WASHINGTON, D.C., and SACRAMENTO, Calif.—A four-year, three-phase project by the U.S. Department of Homeland Security’s (DHS) Science & Technology (S&T) Directorate—the Levee Strengthening and Damage Mitigation Project—seeks ways to evaluate and strengthen the nation’s vulnerable system of levees. In the first phase, researchers will identify potential technologies and procedures that can rapidly and affordably indicate problem locations along a levee, strengthen these existing areas, provide designs for new levees, and repair any breaches. Subsequent phases will test and demonstrate the technologies and procedures.
For example, the U.S. Army Engineer Research and Development Center has developed the Levee Condition Assessment Technology, or LevCAT, which combines geophysical instrumentation with airborne and ground-based research to "see" weak soil under levees.
In early September, the California Department of Water Resources (DWR) began a month-long levee evaluation program using airborne electromagnetic surveys. A helicopter carried an aerial sensor suspended about 100 feet above the ground during survey flights over Central Valley levees and levees near Marysville, Yuba City, Sacramento, Woodland, Stockton, and Lathrop. According to the DWR, the sensor measures variations in the ground’s electrical conductivity to depths of more than 100 feet. The goal is to map important changes in soil types and ground conditions, identifying zones where permeable soils are present or excessive water penetration is taking place.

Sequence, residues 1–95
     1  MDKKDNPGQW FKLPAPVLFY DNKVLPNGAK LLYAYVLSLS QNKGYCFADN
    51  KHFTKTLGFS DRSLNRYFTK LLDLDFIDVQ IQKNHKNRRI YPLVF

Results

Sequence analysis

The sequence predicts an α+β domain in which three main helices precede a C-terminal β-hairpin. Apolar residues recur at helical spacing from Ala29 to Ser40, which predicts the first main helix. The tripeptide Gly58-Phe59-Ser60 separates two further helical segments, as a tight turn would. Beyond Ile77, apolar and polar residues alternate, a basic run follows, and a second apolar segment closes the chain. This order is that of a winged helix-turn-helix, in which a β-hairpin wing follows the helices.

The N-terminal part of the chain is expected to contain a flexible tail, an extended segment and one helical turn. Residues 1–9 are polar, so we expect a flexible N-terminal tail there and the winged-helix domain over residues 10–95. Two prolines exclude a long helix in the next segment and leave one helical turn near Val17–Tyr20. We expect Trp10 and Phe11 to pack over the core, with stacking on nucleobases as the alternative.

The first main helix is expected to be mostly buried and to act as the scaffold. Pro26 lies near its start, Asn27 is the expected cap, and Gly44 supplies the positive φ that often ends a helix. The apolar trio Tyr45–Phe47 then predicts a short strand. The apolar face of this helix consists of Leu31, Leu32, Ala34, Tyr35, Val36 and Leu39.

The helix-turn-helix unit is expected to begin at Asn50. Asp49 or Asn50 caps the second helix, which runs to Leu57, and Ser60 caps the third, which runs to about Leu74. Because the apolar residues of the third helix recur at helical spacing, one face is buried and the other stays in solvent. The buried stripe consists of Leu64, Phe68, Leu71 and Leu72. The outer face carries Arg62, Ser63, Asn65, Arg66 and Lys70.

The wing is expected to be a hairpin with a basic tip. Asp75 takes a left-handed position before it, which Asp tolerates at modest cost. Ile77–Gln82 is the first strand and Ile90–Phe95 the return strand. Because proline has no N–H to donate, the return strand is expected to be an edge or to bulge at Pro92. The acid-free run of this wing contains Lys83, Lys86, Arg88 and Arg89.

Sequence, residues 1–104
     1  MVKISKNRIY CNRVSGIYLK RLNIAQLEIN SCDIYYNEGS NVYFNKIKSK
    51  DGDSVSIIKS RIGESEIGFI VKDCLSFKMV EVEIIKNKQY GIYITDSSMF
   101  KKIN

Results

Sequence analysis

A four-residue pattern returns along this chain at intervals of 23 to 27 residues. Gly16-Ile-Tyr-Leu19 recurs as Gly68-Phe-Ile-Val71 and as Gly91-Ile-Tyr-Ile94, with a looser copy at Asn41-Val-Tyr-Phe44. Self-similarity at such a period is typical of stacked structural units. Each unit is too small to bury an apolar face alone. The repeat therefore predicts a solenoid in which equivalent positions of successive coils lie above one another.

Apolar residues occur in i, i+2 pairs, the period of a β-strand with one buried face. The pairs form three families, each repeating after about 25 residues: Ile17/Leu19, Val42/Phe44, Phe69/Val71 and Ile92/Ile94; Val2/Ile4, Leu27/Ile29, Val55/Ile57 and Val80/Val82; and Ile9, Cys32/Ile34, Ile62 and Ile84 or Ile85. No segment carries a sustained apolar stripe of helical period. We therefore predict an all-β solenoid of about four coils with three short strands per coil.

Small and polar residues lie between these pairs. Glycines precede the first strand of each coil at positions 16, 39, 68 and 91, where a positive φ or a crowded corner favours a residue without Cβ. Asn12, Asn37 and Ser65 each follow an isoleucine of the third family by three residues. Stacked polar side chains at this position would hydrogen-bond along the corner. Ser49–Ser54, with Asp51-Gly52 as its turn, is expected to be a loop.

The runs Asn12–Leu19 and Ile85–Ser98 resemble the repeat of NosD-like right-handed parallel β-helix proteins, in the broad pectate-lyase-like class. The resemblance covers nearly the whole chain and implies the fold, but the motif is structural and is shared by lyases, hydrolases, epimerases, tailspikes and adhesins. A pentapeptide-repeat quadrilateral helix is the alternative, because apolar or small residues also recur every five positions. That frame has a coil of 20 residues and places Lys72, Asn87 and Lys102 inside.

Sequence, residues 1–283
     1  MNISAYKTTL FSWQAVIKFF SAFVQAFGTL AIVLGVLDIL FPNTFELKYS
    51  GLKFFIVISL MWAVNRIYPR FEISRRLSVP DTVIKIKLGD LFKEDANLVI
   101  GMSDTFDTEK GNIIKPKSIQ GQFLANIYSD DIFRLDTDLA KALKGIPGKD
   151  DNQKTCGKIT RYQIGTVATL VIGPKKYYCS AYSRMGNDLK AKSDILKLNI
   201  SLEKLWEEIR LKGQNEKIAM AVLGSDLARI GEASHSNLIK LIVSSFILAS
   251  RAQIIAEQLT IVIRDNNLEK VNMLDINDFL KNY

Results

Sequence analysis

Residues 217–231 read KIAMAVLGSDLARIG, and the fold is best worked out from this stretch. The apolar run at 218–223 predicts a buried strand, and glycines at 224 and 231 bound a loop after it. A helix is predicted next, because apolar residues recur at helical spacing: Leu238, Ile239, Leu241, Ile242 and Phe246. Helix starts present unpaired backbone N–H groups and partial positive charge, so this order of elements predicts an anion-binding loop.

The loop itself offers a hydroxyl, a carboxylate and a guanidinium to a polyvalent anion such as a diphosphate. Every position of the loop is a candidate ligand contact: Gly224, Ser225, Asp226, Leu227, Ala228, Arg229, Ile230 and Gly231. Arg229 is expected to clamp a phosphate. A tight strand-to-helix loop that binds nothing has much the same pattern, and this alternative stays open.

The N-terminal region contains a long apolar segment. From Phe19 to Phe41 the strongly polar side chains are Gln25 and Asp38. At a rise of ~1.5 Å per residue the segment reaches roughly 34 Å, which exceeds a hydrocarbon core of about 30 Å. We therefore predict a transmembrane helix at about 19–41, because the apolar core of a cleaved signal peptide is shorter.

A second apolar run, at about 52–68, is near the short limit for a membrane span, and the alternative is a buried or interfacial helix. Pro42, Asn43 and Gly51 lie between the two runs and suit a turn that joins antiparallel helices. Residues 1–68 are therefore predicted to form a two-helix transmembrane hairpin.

The DHS also cites a loss of natural buffer zones as an important factor impacting the effectiveness of the nation’s levees. River basins, deltas, and savannahs are being congested with soil and debris. Human development and residual waste is causing the surrounding land to sink, and as salt water rushes in, thick expanses of wetland, mangroves, trees and grasses are poisoned. Without these buffers, storms can push sea surges quite a distance inland. And, as ocean levels rise, low-lying cites will have to protect themselves by using some sort of barriers and pumps to help keep the rising waters out.
The Levee Strengthening and Damage Mitigation Project also aims to develop approaches and technologies that will duplicate the effect of marshland and reduce the strength of surges. Solutions being considered include inflatable and drop-in structures that last long enough to prevent severe damage, fast-growing vegetation to imitate the effect of marshlands rapidly in lowering tides, and ways to reroute flood waters and floodproof critical infrastructure.
GEI Consultants, Inc., announced in September that its work on the Bear River Setback levee in Yuba County, Calif., earned certification from the U.S. Army Corps of Engineers. The 10,000-foot-long, $51 million Bear River Setback levee will give the Bear River additional channel capacity and lower the water surface profile by about 3 feet during major flood events. GEI is part of DWR’s Urban Levee Evaluation team that is conducting geotechnical evaluations of the Marysville, Sutter County, American River, and San Joaquin Area Flood Control Agency levee system.
The DHS’s Science & Technology Directorate projects, called Homeland Innovative Prototypical Solutions, or HIPS, are designed to deliver prototype-level demonstrations of potential "game-changing" technologies in two to five years. They come with a moderate-to-high risk of failure, the DHS admits, but they can also yield a high payoff if successful.
"All of these goals are enormously ambitious, but that’s the nature of the work," said Wil Laska, who manages the DHS levee project. "Right now, the S&T Directorate is looking at just about any decent idea."